As social media (eg, Twitter) continues to gain widespread popularity, health research and practice organizations may consider combining it with other electronic media (e-media) channels (eg, Web sites, e-newsletters) within their communication plans. However, little is known about added benefits of using social media when trying to reach public health audiences about physical activity.
Learn about current use and preference for e-media communication channels among physical activity researchers and practitioners.
A Web-based survey was used, open for responses from August 20, 2015, through January 5, 2016. Survey participation was voluntary and anonymous. The survey was advertised through multiple channels targeting physical activity researchers and practitioners, including announcements on professional listservs and in e-newsletters, Twitter, and posts on Facebook pages of public health organizations.
A total of 284 survey respondents had complete data.
Typical use of e-media to receive, seek out, and share information about physical activity and health and what appeals to researchers and practitioners for professional use.
Most respondents preferred non–social media channels to social media and these preferences did not differ widely when examining subgroups such as researchers versus practitioners or social media users versus nonusers. There were few differences by respondent demographics, though younger respondents reported using social media more than older respondents. However, limiting analyses to respondents who identified as social media users, only about 1% of respondents ranked social media sources as their preferred channels for information; thus, most people would continue to be reached if communication remained largely via non–social media e-media channels.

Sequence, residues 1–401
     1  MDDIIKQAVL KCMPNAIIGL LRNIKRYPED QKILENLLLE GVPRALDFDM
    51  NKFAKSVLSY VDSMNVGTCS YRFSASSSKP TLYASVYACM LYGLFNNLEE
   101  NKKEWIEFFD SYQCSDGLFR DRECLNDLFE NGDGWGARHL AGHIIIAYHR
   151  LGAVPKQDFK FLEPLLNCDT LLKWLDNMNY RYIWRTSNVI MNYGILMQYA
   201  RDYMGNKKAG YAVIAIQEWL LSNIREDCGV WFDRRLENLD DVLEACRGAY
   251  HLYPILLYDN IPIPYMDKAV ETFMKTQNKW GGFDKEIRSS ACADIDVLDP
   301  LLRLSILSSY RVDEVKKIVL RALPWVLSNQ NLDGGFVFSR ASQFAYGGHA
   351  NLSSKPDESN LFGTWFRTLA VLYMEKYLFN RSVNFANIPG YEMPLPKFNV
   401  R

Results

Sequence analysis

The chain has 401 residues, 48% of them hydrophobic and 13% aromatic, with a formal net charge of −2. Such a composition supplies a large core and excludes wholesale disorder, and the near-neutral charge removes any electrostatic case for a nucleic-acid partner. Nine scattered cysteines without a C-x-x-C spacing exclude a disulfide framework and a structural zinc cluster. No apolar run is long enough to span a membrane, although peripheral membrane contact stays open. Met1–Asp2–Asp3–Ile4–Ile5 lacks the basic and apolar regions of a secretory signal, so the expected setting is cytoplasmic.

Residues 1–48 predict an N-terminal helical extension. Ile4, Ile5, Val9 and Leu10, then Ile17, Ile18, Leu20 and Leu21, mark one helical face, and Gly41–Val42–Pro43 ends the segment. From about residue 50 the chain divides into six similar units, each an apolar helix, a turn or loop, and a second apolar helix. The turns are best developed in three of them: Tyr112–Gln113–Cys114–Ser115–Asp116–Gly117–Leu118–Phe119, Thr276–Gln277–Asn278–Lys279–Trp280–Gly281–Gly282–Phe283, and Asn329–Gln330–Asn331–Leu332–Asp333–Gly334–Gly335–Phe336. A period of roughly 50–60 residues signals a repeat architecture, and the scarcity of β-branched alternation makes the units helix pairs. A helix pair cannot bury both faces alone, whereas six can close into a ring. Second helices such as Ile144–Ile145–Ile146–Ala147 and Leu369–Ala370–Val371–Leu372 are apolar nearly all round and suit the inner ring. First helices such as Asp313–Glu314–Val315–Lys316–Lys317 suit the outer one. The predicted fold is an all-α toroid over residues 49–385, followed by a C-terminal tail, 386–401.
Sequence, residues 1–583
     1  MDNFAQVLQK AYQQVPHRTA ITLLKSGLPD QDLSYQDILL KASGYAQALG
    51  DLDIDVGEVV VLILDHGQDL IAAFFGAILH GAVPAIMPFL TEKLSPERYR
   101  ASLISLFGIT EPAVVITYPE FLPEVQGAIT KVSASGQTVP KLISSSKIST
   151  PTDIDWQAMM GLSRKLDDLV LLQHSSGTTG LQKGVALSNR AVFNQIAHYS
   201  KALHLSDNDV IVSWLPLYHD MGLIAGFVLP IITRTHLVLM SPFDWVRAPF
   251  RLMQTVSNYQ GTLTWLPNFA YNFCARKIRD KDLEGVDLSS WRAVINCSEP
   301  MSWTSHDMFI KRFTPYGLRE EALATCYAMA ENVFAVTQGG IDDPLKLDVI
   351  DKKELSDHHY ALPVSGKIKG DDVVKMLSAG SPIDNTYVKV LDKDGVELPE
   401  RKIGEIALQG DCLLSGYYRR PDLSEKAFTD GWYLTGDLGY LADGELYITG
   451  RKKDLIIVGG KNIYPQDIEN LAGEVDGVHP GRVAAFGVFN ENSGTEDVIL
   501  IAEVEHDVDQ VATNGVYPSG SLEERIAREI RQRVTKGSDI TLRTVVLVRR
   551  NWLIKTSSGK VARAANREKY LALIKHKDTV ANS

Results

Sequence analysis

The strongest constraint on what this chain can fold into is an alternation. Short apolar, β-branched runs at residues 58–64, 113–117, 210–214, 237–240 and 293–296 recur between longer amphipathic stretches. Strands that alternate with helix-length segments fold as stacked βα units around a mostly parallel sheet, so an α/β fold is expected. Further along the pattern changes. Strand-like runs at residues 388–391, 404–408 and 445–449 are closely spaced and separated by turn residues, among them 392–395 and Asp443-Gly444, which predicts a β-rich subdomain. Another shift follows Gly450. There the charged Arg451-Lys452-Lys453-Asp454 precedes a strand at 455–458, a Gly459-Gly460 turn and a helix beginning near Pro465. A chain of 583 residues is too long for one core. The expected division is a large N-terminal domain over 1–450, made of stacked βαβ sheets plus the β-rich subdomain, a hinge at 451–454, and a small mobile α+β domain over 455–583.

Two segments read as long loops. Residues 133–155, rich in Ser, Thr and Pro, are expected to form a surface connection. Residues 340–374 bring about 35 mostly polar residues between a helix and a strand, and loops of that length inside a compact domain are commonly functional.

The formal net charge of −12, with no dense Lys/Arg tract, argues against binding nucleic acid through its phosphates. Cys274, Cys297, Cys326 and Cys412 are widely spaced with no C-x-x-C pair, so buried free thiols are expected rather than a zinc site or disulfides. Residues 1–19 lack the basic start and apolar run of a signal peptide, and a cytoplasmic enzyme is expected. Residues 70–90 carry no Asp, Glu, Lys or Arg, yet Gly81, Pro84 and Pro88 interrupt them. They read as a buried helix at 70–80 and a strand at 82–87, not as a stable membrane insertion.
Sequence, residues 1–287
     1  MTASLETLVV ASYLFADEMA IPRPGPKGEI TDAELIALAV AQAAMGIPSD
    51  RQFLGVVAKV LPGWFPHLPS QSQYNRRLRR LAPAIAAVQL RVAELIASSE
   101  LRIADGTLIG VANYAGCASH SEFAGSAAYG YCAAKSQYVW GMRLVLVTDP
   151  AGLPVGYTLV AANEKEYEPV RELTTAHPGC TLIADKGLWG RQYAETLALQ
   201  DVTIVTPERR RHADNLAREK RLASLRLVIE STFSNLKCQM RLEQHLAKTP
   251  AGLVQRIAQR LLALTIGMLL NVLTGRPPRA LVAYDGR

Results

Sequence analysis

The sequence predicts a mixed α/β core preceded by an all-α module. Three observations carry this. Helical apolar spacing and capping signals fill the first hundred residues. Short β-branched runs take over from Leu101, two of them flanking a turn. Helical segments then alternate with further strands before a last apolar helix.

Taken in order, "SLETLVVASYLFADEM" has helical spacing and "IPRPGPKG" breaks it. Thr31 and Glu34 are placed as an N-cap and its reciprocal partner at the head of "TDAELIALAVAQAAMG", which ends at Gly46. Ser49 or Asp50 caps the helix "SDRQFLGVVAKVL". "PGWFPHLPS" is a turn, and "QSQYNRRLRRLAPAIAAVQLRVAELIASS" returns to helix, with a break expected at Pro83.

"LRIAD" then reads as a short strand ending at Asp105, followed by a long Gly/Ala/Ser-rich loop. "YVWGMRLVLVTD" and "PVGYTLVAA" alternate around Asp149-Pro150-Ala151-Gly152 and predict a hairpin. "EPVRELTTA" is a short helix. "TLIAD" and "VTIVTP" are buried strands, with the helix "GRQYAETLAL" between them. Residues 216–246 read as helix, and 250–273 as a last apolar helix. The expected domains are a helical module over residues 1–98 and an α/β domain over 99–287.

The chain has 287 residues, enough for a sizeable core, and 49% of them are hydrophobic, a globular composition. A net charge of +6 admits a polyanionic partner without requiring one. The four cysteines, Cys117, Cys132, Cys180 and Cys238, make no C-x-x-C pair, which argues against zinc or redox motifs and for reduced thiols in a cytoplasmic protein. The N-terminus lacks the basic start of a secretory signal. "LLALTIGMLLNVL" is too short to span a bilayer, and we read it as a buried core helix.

The present study supports growing evidence that careful surveying of a target audience should be undertaken when considering new communication channels, as preference and use may not support the effort required to create and maintain resource-intensive strategies like social media.
Division of Preventive and Behavioral Medicine, University of Massachusetts Medical School, Worcester, Massachusetts (Dr Jake-Schoffman); and Prevention Research Center (Drs Wilcox and Kaczynski) and Departments of Exercise Science (Drs Wilcox and West) and Health Promotion, Education, and Behavior (Drs Kaczynski, Turner-McGrievy, and Friedman), Arnold School of Public Health, University of South Carolina, Columbia, South Carolina.
Correspondence: Danielle E. Jake-Schoffman, PhD, Division of Preventive and Behavioral Medicine, University of Massachusetts Medical School, 55 Lake Ave North, Worcester, MA 01655 (firstname.lastname@example.org).
This project was supported by Cooperative Agreement Number U48DP005000 from the Centers for Disease Control and Prevention. Its contents are solely the responsibility of the authors and do not necessarily represent the official views of the Centers for Disease Control and Prevention.
The authors declare no conflicts of interest.
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